WARRENSBURG - Local high school students, parents and teachers showed up in force Monday night to express concerns over the Warrensburg Central School District budget, which calls for cutting 12 employees and eliminating Junior Varsity sports and cheerleading.
Monday, March 14, the Warrensburg Central Board of Education and school administrators presented a 2010-11 budget that calls for a 3.5 percent reduction in spending, but an estimated 2.05 percent increase in local property taxes. That sum would amount to $42 per family living in a $150,000 home, Superintendent of Schools Tim Lawson said.
While parents of pupils and students themselves generally voiced impassioned pleas to keep programs and personnel intact, several taxpayers said they supported the cuts, or wanted further reductions.
The draft budget, prepared by school administrators in the face of a projected $1.26 million cut in State Aid for WCS, calls for spending $18.37 million in 2011-12.
One student after another pleaded for the board to retain Junior Varsity sports programs, citing that they offer vital experience in teamwork, and nurture confidence and leadership skills.
"Our JV sports program helps us learn to set and achieve goals," high schooler Aineen Callahan said. Students making such pleas included Kerrigan Roth and Cregan Callahan. Applause and cheers punctuated the students remarks.
Board member Richlene Morey proposed to keep the 2011-12 tax rate capped at a zero percent increase, adopt the suggested cuts, and take the $160,000 or so needed to retain a flat tax rate out of district reserve funds. The administrators' proposal already calls for $649,000 to be drawn from reserve funds.
Citizens Budget Advisory Committee member Mike Curry, while voicing support for such a zero-increase budget, advocated retaining JV sports, citing their high participation rate and positive influence on character development. He suggested that all coaches take a one-third cut in their coaching stipends - paid on top of their salaries - to save the JV programs.
"Coaches - are your hearts in your bank accounts, or with the kids?" he said.
Resident Mary Eaton disagreed with Curry on capping taxes, voicing support for restoring the amounts cut in personnel and programs.
"To think we can keep taxes to a zero percent increase is crazy," she said, adding that area residents want to retain the quality of education. She noted that WCS has been ranked in the top fifth of all public schools in the Capital Region. She added that Warrensburg teachers earned their salaries.
"The teachers' salaries are not exorbitant," she said.
Several people suggested that parents launch sports booster clubs to support the athletic programs in the school.
Proposed personnel changes under the draft budget call for eliminating security monitor positions at both schools, cutting two night cleaner positions and shifting two day janitors into their posts.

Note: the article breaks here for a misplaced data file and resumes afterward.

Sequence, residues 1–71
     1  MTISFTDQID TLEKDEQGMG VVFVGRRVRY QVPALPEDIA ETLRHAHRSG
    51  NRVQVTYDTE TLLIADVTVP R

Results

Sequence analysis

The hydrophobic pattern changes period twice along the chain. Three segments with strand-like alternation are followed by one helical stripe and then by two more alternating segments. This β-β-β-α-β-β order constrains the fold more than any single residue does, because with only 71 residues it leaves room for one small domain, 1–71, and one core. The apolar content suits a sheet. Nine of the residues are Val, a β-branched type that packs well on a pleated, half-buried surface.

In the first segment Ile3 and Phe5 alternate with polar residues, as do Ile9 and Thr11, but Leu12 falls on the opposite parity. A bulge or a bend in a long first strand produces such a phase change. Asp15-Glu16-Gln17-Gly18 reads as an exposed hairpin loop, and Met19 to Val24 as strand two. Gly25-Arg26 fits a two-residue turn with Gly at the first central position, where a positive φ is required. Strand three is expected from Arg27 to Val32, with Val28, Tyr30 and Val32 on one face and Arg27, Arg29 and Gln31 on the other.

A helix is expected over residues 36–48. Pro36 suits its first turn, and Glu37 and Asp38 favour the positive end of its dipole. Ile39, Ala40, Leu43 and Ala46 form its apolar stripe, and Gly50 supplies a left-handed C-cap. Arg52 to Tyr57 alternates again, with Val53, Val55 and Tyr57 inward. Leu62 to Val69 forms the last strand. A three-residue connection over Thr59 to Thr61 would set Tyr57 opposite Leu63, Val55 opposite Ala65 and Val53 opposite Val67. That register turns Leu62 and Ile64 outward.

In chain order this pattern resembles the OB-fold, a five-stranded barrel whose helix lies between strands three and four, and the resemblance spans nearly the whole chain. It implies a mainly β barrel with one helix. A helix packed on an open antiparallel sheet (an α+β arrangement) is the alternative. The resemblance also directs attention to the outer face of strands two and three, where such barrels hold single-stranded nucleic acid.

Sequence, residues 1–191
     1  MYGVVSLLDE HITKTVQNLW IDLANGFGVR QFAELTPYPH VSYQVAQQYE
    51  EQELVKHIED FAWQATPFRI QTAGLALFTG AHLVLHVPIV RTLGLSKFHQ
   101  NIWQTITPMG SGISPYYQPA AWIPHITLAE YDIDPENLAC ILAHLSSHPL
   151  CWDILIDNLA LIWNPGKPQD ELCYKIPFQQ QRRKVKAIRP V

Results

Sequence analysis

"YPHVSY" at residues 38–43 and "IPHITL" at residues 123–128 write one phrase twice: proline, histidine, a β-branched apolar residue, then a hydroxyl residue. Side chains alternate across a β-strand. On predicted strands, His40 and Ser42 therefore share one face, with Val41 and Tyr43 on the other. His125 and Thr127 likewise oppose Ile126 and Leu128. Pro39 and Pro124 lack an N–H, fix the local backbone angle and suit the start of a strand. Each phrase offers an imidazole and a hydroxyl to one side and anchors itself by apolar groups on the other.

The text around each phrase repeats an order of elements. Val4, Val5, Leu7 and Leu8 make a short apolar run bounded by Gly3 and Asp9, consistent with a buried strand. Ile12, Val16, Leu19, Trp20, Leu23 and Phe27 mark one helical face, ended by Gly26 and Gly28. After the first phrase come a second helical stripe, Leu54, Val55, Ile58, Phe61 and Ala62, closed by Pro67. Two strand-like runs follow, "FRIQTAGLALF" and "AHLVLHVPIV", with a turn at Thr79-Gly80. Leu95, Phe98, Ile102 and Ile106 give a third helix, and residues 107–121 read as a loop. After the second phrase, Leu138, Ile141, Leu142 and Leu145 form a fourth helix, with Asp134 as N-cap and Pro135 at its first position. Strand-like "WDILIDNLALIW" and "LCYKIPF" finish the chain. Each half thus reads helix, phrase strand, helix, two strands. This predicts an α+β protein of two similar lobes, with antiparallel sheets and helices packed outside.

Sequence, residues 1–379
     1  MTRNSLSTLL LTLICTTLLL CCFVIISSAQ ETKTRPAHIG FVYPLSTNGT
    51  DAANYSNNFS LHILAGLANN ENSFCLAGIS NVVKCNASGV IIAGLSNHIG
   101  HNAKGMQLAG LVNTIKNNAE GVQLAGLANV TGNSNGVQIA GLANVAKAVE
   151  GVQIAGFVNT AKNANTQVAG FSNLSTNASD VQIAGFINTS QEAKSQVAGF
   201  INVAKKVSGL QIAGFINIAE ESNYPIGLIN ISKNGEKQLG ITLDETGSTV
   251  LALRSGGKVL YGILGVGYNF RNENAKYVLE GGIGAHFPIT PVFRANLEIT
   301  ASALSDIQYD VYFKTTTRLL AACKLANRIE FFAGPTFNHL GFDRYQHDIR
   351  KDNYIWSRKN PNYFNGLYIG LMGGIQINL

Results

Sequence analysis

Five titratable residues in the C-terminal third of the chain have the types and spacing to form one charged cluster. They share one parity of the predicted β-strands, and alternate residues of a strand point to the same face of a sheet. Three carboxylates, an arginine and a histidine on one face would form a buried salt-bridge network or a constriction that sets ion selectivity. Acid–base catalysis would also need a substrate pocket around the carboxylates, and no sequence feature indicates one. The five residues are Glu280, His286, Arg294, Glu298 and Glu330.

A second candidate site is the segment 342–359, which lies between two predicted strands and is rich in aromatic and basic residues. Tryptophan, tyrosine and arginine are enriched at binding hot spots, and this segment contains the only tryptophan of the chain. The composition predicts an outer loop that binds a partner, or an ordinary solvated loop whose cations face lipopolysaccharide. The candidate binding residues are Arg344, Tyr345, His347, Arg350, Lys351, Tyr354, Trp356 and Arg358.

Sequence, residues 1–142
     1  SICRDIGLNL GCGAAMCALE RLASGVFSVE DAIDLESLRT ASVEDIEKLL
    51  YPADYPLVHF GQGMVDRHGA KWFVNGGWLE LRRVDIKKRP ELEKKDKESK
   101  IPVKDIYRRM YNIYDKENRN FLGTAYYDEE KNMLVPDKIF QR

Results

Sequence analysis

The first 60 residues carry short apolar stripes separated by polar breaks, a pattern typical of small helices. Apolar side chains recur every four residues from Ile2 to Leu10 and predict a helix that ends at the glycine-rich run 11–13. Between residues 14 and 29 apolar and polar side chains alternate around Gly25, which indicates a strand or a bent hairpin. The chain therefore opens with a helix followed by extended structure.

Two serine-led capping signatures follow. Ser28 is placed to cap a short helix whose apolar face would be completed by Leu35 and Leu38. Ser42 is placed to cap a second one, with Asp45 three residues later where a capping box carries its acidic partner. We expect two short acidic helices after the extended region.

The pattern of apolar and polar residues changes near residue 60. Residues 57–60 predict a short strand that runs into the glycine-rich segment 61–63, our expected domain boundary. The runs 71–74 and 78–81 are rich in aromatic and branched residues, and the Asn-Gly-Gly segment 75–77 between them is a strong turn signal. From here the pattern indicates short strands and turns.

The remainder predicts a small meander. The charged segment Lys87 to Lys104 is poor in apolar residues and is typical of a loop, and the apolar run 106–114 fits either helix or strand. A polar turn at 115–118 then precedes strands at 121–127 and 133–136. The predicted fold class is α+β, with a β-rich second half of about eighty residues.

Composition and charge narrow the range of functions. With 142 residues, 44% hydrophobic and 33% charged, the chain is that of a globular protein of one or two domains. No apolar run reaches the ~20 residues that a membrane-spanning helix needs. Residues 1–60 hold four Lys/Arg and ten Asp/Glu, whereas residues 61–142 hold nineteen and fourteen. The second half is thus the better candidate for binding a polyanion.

Several citizens speaking out suggested novel ways of balancing the budget.
School Board Member Jim Carrion and Citizens Budget Advisory Board member Sheila Mender proposed that the elementary school building be sold, and all students, kindergarten through grade 12, be instructed in the high school building to save personnel and fuel costs. Carrion said students could be taught in double shifts.
Lawson said later that such a proposal was not possible under existing state laws governing school facilities, but if such an measure were undertaken, about half the district's students would be attending classes until 8 p.m. or so.
Among those speaking out was Technology instructor Brandon Donato, whose position is under consideration for elimination.
"This is not about me, it's about the kids and their education," he said. "I will survive, but the kids need their classes to get their life skills."
School board member Laura Danna advocated to retain the teachers and programs.
"We've had two years of zero-percent increases, and I'm very concerned this is going to effect students and the quality of education we offer," she said.
Board member Beth Callahan echoed the point.
"Many people in this room would walk up to the table now and hand over $42 or more to keep our programs in place," she said, suggesting that the community form a booster club, or parents pay a minimal participation fees to help offset the costs of sports offered by the school.
School board president John MicGlire suggested that teachers voluntarily take a freeze in pay. Presently, they are scheduled for a 1.87 percent increase which reflects their basic annual longevity increase only. He said such a wage concession could make a "huge" difference in the budget.
"Everybody could take a little pain rather than a few taking a lot of pain," he said. "I'd like the teachers to help themselves by taking a pay freeze."
Teachers union president Mark Mularz refused to comment on the idea of teachers forgoing pay increases.
"I can't discuss anything dealing with negotiations," he said.
The next meeting to discuss the budget is set for 7 p.m. Monday March 21.
Adoption of the budget is slated for April 11, and the public is to vote on it May 17.